Care: Needs little care once established and a good groundcover shrub for difficult growing areas.

Why grow it: Stems are covered with small white blossoms in spring, summer foliage is glossy green even in very dry conditions, and fall color is a brilliant coppery orange.

Altitude limit: Up to 9,000 feet


Wild Thing sage (Salvia greggii)

Wild Thing sage (Salvia greggii)

Wild Thing sage (Salvia greggii)

Size: 16-20 inches tall by 18-24 inches wide

Conditions: Dry to xeric conditions (little to no water needed once established) with good drainage in full sun.

Care: Cut back in late spring once leaves are emerging.

Why grow it: Hot pink/magenta flowers bloom from mid-summer to frost in warmer areas. Excellent for attracting pollinators such as bees, butterflies and hummingbirds looking for that fall burst of energy before heading south. Cooler temperatures in autumn promote intense flowering.

Altitude limit: Up to 6,000 feet. Plant on south sides or in protected areas near rocks or buildings.



For more ideas, check out Denver Water’s Xeriscape page with resources and plans for your landscape.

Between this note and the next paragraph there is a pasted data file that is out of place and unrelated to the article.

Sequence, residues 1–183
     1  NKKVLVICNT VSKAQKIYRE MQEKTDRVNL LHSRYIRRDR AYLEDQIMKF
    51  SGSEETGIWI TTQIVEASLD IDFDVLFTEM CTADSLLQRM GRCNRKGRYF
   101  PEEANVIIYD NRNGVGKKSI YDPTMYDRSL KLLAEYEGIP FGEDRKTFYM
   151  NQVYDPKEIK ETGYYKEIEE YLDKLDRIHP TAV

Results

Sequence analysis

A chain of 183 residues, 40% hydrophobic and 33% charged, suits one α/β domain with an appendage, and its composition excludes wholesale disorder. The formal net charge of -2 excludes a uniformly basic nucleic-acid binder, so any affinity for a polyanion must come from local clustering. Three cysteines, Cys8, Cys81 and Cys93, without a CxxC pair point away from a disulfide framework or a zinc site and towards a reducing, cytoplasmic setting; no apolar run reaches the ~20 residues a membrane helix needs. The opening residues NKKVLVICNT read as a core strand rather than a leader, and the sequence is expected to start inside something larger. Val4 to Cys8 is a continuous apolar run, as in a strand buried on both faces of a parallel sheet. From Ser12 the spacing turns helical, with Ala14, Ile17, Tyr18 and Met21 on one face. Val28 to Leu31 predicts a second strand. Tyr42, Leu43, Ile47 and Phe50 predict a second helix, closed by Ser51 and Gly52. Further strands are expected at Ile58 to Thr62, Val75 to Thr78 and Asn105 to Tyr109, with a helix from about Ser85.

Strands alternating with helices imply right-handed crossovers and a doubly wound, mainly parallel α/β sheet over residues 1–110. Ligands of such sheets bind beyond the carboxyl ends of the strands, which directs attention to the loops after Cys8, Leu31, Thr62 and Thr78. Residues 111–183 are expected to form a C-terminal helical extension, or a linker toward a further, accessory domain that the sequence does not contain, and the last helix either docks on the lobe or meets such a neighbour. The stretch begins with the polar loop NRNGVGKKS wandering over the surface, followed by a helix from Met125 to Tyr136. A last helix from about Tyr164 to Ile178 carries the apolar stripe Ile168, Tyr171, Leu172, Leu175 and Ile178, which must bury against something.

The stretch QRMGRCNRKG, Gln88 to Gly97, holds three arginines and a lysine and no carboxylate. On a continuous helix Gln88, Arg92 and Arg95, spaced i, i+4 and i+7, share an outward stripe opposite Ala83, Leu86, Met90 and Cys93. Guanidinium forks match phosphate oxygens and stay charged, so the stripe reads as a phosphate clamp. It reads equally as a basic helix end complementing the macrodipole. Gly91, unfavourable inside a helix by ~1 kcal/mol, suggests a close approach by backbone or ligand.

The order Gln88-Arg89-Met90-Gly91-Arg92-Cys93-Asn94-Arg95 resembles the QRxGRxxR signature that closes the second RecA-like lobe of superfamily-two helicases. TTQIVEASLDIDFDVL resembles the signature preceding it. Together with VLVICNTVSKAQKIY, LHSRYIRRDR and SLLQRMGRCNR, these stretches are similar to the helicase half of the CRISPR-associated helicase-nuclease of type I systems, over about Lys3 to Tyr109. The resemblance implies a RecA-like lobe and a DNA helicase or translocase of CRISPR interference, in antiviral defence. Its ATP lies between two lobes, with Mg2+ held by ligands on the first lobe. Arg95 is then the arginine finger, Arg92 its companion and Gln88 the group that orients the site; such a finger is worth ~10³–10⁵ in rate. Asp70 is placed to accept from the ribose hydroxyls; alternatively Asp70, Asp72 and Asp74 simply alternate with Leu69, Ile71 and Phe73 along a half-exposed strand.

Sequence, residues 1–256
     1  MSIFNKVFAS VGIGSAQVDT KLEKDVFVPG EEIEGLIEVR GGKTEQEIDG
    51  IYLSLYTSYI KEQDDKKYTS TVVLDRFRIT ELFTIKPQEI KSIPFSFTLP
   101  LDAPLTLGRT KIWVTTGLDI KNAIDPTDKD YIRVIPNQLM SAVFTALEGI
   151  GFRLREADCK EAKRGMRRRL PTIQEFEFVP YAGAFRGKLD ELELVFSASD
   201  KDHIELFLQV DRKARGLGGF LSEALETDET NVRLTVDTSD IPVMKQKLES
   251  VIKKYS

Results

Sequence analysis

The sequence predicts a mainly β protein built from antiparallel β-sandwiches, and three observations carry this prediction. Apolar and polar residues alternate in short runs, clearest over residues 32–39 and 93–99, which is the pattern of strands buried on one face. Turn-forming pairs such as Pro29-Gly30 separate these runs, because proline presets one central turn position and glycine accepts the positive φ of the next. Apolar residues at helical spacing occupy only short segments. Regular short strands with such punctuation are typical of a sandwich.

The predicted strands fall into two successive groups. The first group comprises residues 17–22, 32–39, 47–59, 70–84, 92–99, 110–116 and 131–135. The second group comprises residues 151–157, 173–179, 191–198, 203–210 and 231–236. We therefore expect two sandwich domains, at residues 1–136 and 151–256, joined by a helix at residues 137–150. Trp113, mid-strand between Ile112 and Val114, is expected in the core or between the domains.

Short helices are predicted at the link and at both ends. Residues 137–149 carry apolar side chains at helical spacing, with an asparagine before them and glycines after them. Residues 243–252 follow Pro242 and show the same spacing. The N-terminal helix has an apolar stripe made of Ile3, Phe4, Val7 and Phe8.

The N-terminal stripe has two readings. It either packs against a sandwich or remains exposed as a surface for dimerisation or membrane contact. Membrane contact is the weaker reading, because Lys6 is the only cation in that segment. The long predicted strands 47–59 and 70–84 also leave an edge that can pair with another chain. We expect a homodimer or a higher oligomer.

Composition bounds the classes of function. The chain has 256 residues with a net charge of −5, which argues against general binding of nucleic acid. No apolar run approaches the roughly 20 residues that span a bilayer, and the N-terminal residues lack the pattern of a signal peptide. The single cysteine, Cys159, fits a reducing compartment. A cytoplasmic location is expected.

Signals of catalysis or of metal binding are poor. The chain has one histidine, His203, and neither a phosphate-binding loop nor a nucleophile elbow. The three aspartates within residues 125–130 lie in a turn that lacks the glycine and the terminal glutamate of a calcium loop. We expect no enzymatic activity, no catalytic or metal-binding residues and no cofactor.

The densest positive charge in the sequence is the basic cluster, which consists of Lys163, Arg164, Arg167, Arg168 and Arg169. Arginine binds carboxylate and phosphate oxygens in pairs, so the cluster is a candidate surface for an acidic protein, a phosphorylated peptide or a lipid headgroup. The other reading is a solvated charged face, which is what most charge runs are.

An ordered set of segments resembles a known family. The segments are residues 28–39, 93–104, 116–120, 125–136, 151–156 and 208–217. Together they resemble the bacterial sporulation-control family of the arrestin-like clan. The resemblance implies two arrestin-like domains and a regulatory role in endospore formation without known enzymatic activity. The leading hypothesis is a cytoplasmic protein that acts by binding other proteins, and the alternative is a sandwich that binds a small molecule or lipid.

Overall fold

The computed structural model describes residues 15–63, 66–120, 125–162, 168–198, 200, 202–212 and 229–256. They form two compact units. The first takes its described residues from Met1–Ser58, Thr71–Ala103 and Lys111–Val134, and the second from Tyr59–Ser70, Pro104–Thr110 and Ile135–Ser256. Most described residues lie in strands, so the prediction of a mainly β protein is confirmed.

Learning by doing at Auraria Campus

Jon Bortles

Jon Bortles

Jon Bortles is the sustainability director for the Auraria Higher Education Center. He holds a bachelor’s degree in Environmental Studies from the University of Colorado Boulder and a Master of Business Administration from the University of Denver. Jon is also a U.S. Green Building Council Leadership in Energy and Environmental Design accredited green associate.

Before there was Denver, there was Auraria – established in 1858 as miners flocked to the South Platte and Cherry Creek rivers in search of gold. Auraria became a neighborhood home to many in the working class, as well as various industrial and commercial businesses.  This neighborhood eventually was chosen to become the Auraria Campus, home to three different institutions of higher education: Community College of Denver, Metropolitan State University of Denver and University of Colorado Denver. A new state agency called the Auraria Higher Education Center was created to manage the campus for these three institutions.